24

What do you call somebody who asks a question and somebody who answers a question?

I have exhausted the thesaurus with no real luck... any ideas?

EDIT: It is in reference to this - or any other StackExchange - site in which the question is posed by X and answer is submitted by Y.

EDIT 2: In the context of StackExchange, and the fact I need plurality (something I neglected to mention oooops), I have decided upon "Posters" and "Respondents"...

10 Answers 10

18

Questioner/Asker, Answerer, Answerer

Noun
answerer (plural answerers)
1. a person or thing that answers or responds

Also see here: Should I prefer "asker" or "questioner" for a person who asked a question?

| improve this answer | |
  • 5
    You can accept my answer as the answer to your question, questioner, and let me be the answerer of this question – mplungjan Feb 17 '11 at 12:47
  • 1
    Ah ha .. a witty aside...done. – slotishtype Feb 17 '11 at 12:49
  • +1 (snicker) Based on your answer, that should have said asker. – Tragicomic Feb 17 '11 at 12:51
  • hehe, got me... – mplungjan Feb 18 '11 at 20:24
  • Asker is the first thing that comes to my mind, but it always gets squiggly lines (spell check). If it's so intuitive to call someone who asks an asker, why didn't it become a proper word in the English (US) language? PS: So does answerer... – ADTC May 31 '16 at 9:30
16

May I suggest: Questioner/Respondent

| improve this answer | |
  • You may....I'd upvote but the system won't allow. – slotishtype Feb 17 '11 at 12:40
  • 2
    I was going to say Questioner/Questionee. Respondant seems more professional. – WernerCD Feb 17 '11 at 18:00
  • Gotta throw my weight behind this one. The individual words may exist, but Asker/Answerer as a pairing? No way! Give me Questioner/Respondent any day! – FumbleFingers May 20 '11 at 0:03
  • Respondent doesn't imply an answer given, hence is not suitable as answer to this question. It is however a response. – Paul Jul 14 '15 at 13:42
  • I like Questioner but not Respondent because Respondent is kind of like Defendant. It's a legal term. Responder works better. I also like Expert which someone proposed. – aparente001 Nov 15 '16 at 8:55
10

You could consider Inquirer, Questioner or, for instance Interrogator. Meanings differ slightly, I'd normally go for one of the first two. The third can be used when someone asks multiple questions, i.e., interrogates someone else.

Edit: respondent has been suggested by others.

| improve this answer | |
  • It's actuall in reference to this, or any stack exchange site, in which questions and posed by "questioners/posters" and answers are submitted by "respondents/answers". Trying to find the most appropriate usage though. Cheers btw. – slotishtype Feb 17 '11 at 12:41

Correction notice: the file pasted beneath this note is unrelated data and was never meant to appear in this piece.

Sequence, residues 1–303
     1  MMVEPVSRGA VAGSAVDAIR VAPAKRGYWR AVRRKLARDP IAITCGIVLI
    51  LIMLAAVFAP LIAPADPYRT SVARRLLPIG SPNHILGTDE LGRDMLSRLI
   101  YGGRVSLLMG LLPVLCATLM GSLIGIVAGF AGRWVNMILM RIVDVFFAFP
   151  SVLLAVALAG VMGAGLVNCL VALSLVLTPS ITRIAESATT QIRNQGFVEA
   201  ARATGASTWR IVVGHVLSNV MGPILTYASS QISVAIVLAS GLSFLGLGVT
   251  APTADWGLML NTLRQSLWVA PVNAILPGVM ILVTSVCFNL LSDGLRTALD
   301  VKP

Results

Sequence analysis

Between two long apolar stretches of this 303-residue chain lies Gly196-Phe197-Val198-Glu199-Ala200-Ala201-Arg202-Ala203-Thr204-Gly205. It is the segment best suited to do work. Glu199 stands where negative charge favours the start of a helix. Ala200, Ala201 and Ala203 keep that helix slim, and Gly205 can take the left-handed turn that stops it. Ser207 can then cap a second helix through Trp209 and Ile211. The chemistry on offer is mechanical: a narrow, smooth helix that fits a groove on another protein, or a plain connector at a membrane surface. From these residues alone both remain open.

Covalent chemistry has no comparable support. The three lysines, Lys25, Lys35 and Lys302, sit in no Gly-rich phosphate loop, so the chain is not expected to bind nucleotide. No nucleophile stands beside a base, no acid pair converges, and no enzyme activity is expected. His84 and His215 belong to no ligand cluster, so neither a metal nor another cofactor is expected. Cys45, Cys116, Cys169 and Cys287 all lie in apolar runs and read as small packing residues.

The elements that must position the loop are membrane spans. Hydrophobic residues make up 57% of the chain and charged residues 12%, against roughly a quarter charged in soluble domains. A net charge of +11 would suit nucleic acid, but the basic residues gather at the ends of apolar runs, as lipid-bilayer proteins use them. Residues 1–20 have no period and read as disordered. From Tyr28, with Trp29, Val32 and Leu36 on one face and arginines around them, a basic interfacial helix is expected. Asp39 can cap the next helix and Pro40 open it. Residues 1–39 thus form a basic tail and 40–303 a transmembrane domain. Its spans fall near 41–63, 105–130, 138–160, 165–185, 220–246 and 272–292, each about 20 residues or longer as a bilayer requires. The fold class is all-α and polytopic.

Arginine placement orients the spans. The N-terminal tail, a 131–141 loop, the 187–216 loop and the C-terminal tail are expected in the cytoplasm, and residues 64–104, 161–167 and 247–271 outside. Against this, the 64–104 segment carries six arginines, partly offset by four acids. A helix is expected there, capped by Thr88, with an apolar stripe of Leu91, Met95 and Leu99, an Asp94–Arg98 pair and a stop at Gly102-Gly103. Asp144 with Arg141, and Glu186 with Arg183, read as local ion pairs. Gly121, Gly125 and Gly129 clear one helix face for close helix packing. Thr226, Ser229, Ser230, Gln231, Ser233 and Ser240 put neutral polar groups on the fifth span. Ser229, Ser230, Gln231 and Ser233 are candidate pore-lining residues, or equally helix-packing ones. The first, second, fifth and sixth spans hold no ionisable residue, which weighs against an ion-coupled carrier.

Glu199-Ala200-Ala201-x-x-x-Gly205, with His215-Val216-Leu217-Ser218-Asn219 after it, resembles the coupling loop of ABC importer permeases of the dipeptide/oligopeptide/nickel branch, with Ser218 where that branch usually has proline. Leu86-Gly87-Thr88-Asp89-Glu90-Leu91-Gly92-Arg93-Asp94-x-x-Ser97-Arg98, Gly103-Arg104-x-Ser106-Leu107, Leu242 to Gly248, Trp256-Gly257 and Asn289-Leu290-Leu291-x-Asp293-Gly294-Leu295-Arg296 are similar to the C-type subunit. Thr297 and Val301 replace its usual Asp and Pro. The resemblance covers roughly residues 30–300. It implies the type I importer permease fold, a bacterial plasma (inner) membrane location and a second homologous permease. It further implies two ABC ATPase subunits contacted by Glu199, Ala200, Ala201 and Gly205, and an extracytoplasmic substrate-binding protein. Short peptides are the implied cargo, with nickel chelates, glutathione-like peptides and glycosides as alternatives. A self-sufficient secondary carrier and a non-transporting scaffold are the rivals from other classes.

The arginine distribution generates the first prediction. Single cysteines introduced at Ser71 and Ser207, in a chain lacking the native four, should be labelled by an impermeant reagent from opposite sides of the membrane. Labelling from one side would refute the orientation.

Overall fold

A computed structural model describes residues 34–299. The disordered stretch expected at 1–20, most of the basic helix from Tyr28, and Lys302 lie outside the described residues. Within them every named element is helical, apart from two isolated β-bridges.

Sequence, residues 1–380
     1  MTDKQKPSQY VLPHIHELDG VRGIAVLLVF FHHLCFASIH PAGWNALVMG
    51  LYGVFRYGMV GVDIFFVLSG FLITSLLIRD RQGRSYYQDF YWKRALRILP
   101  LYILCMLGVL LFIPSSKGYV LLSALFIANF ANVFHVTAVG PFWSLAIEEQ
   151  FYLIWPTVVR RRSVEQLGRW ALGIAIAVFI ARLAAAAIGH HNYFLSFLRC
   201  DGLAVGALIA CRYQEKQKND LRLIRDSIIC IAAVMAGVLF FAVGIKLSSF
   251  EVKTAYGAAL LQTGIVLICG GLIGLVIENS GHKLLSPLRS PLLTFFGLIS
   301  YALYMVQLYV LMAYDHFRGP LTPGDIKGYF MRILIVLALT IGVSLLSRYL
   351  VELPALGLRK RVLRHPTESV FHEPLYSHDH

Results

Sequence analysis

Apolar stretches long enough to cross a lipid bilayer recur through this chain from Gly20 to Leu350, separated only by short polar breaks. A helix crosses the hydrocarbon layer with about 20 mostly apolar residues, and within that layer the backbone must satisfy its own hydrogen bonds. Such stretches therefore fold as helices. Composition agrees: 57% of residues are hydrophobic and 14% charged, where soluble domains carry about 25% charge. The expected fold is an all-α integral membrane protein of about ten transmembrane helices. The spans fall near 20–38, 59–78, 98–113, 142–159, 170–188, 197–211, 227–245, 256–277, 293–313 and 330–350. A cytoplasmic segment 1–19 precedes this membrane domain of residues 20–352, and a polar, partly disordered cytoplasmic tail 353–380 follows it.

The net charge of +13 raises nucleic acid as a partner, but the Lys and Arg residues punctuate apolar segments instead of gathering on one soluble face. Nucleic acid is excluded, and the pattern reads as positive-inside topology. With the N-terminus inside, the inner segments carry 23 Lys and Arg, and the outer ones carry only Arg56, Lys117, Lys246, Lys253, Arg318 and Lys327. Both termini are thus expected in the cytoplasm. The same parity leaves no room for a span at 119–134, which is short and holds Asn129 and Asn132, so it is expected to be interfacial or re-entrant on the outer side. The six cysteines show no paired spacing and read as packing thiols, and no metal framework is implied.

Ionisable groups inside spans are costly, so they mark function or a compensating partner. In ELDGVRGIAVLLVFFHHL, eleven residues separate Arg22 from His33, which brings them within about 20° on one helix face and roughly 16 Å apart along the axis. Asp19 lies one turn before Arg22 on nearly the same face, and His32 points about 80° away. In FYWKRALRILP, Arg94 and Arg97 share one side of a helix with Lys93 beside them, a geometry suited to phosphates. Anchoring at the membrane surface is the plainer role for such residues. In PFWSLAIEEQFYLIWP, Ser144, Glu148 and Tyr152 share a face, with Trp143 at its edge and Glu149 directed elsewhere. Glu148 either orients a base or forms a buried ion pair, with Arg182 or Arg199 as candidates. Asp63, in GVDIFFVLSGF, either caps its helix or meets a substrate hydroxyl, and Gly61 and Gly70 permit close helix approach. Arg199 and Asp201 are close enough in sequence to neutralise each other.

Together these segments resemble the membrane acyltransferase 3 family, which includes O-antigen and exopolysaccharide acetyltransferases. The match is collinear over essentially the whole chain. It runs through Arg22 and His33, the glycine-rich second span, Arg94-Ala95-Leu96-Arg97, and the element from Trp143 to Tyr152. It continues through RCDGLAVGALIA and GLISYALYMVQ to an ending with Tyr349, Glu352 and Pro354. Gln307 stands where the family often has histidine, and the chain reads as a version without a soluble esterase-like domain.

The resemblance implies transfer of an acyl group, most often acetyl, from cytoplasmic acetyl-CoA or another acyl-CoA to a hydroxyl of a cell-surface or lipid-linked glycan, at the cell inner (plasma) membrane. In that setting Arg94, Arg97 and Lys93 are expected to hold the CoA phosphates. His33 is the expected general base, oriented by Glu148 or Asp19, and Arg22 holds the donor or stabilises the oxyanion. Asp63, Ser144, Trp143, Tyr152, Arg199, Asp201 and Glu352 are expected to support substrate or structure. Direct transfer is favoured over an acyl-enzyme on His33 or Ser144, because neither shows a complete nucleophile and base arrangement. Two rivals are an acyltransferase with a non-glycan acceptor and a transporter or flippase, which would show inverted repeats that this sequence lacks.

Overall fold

• I agree with you, inquirer is the right word. Asker is not on the Cambridge dictionary – Hola Soy Edu Feliz Navidad Mar 31 '15 at 7:48
7

Sometimes they're called counselor and witness.

| improve this answer | |
  • lol I love the twist on circumstance. Bravo sir. – WernerCD Feb 17 '11 at 18:00
  • Querent and Oracle have a similar bent. – neontapir Nov 8 '12 at 6:36
5

Asker and responder come to my mind first - these terms may be weird in your use case though, as I have a technical background.

| improve this answer | |
3

Questioner and Answerer do work just fine in this context.

But other common ones, depending on context:

Questioner - asker, inquirer, querier, analyst, examiner, interrogator, investigator

I don't have any alternatives for answerer other than respondent

| improve this answer | |
3

In addition to suggested ones, you may even use interviewee and interviewer in suitable context.

| improve this answer | |
  • Asker and Askee ? – ADTC May 31 '16 at 9:33
2

Try a thesaurus: asker answerer. I like enquirer and respondent.

| improve this answer | |
2

I use querent for the person asking questions. In the Stack Exchange context, the folks who answer questions are experts.

| improve this answer | |
2

Very late update, but I believe the convention now to use OP (short for Original Poster) for the person asking the question?

| improve this answer | |

Not the answer you're looking for? Browse other questions tagged or ask your own question.